• Jeremy Allaire said digital currencies will be core building blocks of "changes that will make America more competitive"
  • Many in the political spectrum still do not understand cryptocurrencies, he said
  • Stablecoins would likely face competition from central bank digital currencies

Jeremy Allaire, the CEO of digital currency company Circle, said he is confident that the incoming Biden administration will be supportive of cryptocurrencies.

Since the Biden administration said it would be focused on making the country more competitive by bringing in infrastructure changes, it would be supportive of cryptocurrencies because digital currencies are core building blocks in those changes, Allaire told CNBC on Monday.

"I think they will ultimately be supportive because of the big infrastructure change as big as the initial commercial internet. They (the upcoming administration) are going to be focused on infrastructure changes that will make America more competitive and this is absolutely going to be a core building block of that," he told CNBC.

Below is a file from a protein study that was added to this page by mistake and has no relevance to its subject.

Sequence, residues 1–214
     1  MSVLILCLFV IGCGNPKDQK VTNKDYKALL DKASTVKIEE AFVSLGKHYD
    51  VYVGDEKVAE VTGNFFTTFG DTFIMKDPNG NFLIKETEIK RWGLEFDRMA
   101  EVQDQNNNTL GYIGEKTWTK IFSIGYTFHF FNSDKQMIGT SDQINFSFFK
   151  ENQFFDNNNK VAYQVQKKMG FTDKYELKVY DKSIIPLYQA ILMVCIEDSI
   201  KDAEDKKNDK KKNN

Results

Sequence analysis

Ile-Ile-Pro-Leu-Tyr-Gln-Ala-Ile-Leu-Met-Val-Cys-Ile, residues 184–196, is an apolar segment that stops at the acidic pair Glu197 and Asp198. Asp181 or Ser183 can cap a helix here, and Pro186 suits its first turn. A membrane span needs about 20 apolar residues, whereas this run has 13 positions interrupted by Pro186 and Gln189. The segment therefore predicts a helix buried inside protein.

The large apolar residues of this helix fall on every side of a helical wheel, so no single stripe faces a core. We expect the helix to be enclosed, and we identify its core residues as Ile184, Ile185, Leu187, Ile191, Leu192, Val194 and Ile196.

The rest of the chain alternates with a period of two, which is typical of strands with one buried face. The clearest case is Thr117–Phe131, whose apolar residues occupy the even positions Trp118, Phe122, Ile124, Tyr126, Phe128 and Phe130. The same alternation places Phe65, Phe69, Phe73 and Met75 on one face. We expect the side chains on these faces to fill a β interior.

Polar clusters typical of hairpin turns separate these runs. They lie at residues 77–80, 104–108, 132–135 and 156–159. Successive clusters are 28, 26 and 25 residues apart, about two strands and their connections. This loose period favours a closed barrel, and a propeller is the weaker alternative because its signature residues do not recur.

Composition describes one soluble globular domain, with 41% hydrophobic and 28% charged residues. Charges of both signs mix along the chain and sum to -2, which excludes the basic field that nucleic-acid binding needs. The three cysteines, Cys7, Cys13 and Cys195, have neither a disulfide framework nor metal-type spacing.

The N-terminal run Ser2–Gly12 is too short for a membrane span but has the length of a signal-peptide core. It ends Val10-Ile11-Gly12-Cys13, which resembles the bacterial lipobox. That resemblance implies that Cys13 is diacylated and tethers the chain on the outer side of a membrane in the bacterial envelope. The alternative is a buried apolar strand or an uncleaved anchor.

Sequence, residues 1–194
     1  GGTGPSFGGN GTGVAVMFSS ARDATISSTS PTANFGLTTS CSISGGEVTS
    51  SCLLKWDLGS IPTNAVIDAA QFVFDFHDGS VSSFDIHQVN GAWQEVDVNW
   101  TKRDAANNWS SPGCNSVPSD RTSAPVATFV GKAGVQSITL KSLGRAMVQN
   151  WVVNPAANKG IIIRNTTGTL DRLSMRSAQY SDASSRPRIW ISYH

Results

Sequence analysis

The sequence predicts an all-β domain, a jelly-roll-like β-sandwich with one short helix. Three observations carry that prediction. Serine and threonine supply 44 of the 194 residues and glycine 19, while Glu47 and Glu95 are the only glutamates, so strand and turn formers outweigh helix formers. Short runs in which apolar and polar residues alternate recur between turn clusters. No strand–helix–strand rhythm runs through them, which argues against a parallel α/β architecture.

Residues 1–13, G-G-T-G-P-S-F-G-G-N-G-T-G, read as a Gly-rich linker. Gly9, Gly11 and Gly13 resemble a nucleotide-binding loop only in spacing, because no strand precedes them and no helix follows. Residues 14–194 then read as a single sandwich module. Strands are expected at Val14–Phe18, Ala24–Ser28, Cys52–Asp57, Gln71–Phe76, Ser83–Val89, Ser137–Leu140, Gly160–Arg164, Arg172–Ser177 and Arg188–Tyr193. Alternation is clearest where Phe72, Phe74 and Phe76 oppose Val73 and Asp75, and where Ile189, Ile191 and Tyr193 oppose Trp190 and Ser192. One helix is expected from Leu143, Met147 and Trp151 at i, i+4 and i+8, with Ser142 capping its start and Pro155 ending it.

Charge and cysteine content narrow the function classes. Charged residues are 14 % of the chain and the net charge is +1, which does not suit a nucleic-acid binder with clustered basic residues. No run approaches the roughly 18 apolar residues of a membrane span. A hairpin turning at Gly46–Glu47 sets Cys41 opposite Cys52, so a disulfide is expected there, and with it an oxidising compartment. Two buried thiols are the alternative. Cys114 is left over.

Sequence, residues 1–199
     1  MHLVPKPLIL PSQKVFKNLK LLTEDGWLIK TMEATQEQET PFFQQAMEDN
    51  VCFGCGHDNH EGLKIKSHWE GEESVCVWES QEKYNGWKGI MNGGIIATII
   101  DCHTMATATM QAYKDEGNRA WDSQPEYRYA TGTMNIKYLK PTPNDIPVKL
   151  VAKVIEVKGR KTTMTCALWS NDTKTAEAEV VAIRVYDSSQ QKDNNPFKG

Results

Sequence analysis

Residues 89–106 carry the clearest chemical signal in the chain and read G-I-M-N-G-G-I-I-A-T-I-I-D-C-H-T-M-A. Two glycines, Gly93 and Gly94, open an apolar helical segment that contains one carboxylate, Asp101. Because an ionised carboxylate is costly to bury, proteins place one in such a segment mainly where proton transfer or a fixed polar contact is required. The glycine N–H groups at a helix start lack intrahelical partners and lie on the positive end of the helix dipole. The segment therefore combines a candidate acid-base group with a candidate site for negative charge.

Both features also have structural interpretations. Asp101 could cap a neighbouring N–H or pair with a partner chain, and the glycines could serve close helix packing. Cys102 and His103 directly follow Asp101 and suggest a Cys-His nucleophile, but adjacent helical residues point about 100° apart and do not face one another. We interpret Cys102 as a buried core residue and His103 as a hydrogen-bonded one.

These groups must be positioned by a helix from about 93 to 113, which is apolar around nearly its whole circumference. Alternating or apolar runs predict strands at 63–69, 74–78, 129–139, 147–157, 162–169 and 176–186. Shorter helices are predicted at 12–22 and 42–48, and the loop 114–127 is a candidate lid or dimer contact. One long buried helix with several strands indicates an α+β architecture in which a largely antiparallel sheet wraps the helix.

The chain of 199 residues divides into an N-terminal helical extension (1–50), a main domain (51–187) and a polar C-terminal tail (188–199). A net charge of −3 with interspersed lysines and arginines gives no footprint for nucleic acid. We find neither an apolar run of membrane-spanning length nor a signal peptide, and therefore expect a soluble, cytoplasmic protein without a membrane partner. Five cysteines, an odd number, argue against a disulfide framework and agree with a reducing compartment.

There continue to be some misunderstandings about cryptocurrencies at both ends of the political spectrum but some are now looking at the sector more constructively, he said.

When asked how to differentiate Bitcoin from stablecoins, Allaire defined the latter as a cryptocurrency with a value pegged to, for example, the U.S dollar, which was the case for USDC, Circle's own stablecoin. Every 1 USDC is backed with 1 U.S. dollar that is in a financial institution, he added.

Stablecoins could likely face competition once central banks start issuing central bank digital currencies. CBDCs are digital forms of money that are backed with the central bank's reserves as opposed to current versions of electronic money, which are backed by money from one's bank account or mobile wallet.

Stablecoins are also facing a challenge from the G20. It leaders, in the recent Leaders' Declaration, said no "so-called global stablecoins should commence operation until all legal regulatory and oversight requirements are addressed."

Allaire said CBDCs are still in the research phase as major central banks around the world are studying it. Private firms have already taken the lead to design and use stablecoins as a means to move money.

The Circle CEO said it would be interesting to see whether the standards developed around stablecoins "converge around the safeguards that central banks care about and the kind of supervisory role that makes sense."

A Bitcoin (virtual currency) paper wallet with QR codes and a coin are seen in an illustration picture taken at La Maison du Bitcoin in Paris, France, May 27, 2015. REUTERS/Benoit Tessier